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Understanding Pennsylvania’s implied consent law

On Behalf of | Oct 4, 2018 | Drunk Driving

Many residents of Lackawanna County have heard of “Breathalyzer tests” or “implied consent,” but few understand the law behind the names. The Pennsylvania Legislature, like legislatures in the other 49 states, has passed a law that requires all persons driving on the state’s roads to consent to a test of their blood alcohol content when requested to do so by a police officer. The consequences of refusal can be severe.

The statute states that individuals who drive a vehicle in the state are presumed to have consented to one or more tests to determine the level of alcohol in their blood stream. The imposition of the consent requirement has been held by the state Supreme Court to be a constitutional exercise of the state’s power to regulate the safety of its highways. If a person is stopped on suspicion of drunk driving, the officer can make the request that the person submit to the blood test. In the field, officers ordinarily use a device called a breathalyzer that can indirectly determine a person’s BAC by taking a sample of the person’s breath.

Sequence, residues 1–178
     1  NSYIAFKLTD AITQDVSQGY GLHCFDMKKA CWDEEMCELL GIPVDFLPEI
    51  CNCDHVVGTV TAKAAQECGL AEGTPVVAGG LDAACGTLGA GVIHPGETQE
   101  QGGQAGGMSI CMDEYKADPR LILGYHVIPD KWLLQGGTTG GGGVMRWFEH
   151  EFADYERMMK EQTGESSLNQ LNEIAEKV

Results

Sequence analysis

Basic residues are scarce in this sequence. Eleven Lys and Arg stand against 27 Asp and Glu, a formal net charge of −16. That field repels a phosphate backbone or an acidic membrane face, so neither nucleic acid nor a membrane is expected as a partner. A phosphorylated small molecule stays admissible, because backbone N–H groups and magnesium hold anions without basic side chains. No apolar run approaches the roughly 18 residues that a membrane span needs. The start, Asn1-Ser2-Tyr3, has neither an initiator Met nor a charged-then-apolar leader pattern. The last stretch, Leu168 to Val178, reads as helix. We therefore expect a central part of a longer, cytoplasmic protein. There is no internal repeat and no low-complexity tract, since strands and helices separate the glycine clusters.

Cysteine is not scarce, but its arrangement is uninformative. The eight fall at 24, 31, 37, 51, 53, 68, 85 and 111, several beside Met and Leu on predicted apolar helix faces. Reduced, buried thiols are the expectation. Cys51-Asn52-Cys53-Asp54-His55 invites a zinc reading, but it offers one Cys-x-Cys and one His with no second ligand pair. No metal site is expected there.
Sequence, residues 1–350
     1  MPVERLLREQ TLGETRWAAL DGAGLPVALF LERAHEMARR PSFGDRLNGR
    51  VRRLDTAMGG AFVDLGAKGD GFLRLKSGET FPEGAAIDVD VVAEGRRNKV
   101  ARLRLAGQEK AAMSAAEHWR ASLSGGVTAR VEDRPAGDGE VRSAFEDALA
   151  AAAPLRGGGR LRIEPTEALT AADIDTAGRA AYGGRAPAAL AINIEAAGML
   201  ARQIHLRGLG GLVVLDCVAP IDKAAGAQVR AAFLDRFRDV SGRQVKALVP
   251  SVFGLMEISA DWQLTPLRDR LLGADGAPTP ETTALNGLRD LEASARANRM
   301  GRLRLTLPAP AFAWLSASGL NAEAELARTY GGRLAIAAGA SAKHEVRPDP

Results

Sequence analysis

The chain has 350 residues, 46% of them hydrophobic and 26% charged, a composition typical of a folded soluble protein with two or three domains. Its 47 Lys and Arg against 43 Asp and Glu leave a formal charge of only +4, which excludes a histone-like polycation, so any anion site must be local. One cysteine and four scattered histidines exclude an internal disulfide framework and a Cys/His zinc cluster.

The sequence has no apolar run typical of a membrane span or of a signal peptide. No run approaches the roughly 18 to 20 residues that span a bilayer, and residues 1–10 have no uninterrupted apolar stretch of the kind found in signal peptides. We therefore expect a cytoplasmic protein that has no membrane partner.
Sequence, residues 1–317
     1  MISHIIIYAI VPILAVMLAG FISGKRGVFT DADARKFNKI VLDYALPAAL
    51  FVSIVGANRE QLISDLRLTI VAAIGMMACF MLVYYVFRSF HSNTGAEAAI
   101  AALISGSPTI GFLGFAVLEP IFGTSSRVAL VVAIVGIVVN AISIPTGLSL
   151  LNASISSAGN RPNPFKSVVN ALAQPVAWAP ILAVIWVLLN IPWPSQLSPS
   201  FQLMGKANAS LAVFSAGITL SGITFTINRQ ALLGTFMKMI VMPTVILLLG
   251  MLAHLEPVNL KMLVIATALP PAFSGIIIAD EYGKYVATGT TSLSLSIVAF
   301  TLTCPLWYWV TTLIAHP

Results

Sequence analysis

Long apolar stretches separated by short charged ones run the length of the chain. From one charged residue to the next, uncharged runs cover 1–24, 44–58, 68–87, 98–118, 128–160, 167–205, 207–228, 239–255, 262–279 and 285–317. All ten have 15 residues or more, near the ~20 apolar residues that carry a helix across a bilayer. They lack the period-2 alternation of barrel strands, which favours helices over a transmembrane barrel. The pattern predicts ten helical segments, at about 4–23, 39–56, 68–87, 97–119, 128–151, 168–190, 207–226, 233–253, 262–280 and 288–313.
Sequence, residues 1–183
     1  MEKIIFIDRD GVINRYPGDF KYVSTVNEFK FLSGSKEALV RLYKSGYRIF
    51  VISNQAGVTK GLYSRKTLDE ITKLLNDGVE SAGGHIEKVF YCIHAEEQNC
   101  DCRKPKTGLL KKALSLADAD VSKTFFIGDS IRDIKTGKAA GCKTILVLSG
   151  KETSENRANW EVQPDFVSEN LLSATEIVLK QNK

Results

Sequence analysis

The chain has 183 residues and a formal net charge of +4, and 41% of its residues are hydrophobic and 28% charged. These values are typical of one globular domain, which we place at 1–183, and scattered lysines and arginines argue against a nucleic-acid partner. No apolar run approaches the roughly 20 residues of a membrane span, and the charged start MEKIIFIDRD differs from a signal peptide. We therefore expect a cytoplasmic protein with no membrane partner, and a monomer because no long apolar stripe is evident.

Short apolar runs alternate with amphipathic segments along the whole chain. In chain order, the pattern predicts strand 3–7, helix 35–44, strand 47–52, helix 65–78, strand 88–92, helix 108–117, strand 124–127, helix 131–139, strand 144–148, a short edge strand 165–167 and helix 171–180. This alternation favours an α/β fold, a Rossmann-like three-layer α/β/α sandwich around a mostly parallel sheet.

The refusal to consent to a blood alcohol test automatically results in the suspension of the suspect’s driver’s license for 12 months. The driver may also be required to pay a restoration fee of up to $2,000. The driver’s refusal may also be used at trial on the underlying DUI charge. The suspension of driving privileges is generally regarded as an administrative proceeding and not a criminal penalty.

Most people think that suspension of driving privileges is the only penalty that may result from the refusal to submit to a blood test, but that assumption is false. Depending upon the evidence, the suspect may still be charged with DUI and required to stand trial. Anyone who is charged with a DUI and who has refused to consent to a BAC test may wish to seek advice from an experienced criminal defense attorney. A knowledgeable lawyer can provide a helpful evaluation of the facts of the case and, if appropriate, negotiate a favorable plea agreement.